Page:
In October, the NAIC adopted the Insurance Data Security Model Law, which establishes the standards for data security, for investigating a cybersecurity event, and for notifying state insurance commissioners of a cybersecurity event (i.e. data breach). This was developed/modeled from the New York cybersecurity regulation that went into effect March 1, 2017.
The full law can be seen at http://www.naic.org/store/free/MDL-668.pdf. Some key highlights of the law include the following:
There have been a few changes finalized for the 2017 Annual Statement related to investments, including the following:
At the August 2017 NAIC Meeting, the Statutory Accounting Principles Working Group (SAPWG) continued its discussion of the U.S. Department of Health and Human Services (HHS) adoption of a new regulation that changed how ACA risk adjustment would function, starting in 2018. Beginning in 2018, the ACA risk adjustment program will include a reinsurance-like element called high-cost risk pooling (HCRP).
The new HCRP element of ACA risk adjustment will operate as follows:
HHS will establish two new HCRP parameters: a threshold and a coinsurance rate. For 2018, the threshold has been set at $1 million, and the coinsurance rate has been set at 60 percent.
Conceptually, HCRP can be thought of as a form of reinsurance: The amounts subtracted from an insurer’s risk adjustment transfer amount in step 3 are like reinsurance premiums that the insurer pays in order to receive protection on claims above the threshold, and the amounts credited to an insurer’s risk adjustment transfer amount in step 2 are like reinsurance reimbursement for the claims ceded via this reinsurance.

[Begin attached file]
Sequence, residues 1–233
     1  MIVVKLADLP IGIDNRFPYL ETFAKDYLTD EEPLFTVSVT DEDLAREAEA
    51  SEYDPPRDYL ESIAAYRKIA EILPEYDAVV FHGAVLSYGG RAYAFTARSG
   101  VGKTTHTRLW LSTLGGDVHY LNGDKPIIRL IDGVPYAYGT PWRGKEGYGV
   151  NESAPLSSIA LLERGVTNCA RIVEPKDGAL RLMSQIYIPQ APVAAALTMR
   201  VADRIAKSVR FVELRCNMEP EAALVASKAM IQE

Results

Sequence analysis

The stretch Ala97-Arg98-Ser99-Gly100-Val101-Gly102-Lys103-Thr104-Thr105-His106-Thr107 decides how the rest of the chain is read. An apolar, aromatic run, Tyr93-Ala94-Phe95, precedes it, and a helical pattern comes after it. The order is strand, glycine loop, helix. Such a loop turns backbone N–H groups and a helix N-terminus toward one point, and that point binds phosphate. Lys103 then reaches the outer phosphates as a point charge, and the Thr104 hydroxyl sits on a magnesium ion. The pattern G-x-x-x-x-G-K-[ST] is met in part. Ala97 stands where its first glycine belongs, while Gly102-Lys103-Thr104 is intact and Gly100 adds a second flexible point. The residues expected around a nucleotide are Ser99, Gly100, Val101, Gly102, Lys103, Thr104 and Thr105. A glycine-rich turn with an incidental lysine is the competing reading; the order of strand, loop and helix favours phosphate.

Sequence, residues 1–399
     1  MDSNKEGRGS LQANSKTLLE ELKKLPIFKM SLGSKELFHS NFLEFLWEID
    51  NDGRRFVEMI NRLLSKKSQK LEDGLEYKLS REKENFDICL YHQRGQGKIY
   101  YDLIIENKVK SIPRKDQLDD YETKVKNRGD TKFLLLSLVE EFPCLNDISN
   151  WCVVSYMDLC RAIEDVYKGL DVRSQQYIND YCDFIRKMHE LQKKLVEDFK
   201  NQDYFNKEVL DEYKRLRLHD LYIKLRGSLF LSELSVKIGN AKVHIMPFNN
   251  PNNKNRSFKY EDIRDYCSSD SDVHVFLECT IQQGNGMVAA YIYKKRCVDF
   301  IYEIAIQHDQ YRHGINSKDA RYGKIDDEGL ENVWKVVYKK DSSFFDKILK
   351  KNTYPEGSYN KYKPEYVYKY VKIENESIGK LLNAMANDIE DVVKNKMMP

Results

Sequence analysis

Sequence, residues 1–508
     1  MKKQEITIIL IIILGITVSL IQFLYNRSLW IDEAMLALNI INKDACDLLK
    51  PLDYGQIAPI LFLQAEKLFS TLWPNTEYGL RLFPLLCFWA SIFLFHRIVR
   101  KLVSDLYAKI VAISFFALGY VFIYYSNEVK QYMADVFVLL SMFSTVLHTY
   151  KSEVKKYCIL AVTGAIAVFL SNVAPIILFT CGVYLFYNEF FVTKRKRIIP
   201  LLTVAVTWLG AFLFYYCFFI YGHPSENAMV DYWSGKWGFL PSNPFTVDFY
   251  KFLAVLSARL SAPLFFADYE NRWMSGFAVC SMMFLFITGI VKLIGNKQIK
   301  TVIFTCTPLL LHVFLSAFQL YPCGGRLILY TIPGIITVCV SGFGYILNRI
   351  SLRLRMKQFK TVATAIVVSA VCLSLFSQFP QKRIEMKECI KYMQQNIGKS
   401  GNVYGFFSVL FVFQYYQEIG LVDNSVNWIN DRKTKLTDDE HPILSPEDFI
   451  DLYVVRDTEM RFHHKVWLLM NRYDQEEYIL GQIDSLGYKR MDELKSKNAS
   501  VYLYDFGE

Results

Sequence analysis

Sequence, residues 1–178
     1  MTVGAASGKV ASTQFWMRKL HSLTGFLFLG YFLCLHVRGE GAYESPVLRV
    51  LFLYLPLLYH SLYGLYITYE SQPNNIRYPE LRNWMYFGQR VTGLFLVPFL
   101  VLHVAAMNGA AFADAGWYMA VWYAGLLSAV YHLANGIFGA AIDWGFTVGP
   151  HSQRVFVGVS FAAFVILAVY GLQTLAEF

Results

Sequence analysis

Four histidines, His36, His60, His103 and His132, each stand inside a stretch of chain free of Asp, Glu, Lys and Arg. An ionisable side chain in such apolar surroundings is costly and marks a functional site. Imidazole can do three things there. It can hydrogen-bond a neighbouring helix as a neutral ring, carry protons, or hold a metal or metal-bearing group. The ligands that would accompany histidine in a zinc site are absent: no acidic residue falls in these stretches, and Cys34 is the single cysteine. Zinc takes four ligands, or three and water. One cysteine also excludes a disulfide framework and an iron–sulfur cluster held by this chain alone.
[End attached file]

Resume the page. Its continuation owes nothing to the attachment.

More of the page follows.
There are similarities between HCRP (starting in 2018) and the ACA’s transitional reinsurance program (which ran from 2014 to 2016). However, there are several differences. A key question is whether the introduction of the HCRP element of ACA risk adjustment will have any impact on how companies account for ACA risk adjustment. The SAPWG at its meeting on November 6th, agreed to adopt accounting treatment that would not decompose the risk adjustment payable/receivable and record any recoveries and account for any recoveries as an adjustment to premiums. This will be voted on by Executive and Plenary at the December NAIC meeting and would be effective beginning January 1, 2018, if adopted.
In case you missed it, there was a wording change to the Supplemental Exhibits and Schedules Interrogatories page of the Annual Statement that now requires the filing of the company’s Internal Control Letter received from their auditors electronically with the NAIC. This wording changed for the 2016 Annual Statement but was not communicated broadly and some states may not have updated their filing checklists to provide notice of this change. This is an August 1 filing.
Here is a link to the NAIC’s listing of all changes adopted by the Blanks Committee for the 2017 Annual Statement and 2018 Quarterly Statements: http://www.naic.org/cmte_e_app_blanks_related_adopted_mods.htm
The Society of Actuaries (SOA) has recently issued MP-2017, an updated mortality improvement scale for calculating benefit obligations and contributions for defined benefit plans. The SOA preliminarily estimates that using the MP-2017 rather than the MP-2016 could reduce a plan’s liabilities by 0.7% to 1.0%, depending on the plan’s characteristics.
In 2012, the NAIC adopted changes to the P&C RBC to incorporate a catastrophe risk charge into the RBC formula. This catastrophe risk charge was reported on an informational basis for 2013-2016 to allow the subgroup time to examine the impact of the calculation changes on insurers. Finding no significant concerns, the NAIC adopted changes to fully implement the catastrophe risk charge that will be included and reflected in 2017 for P&C insurers.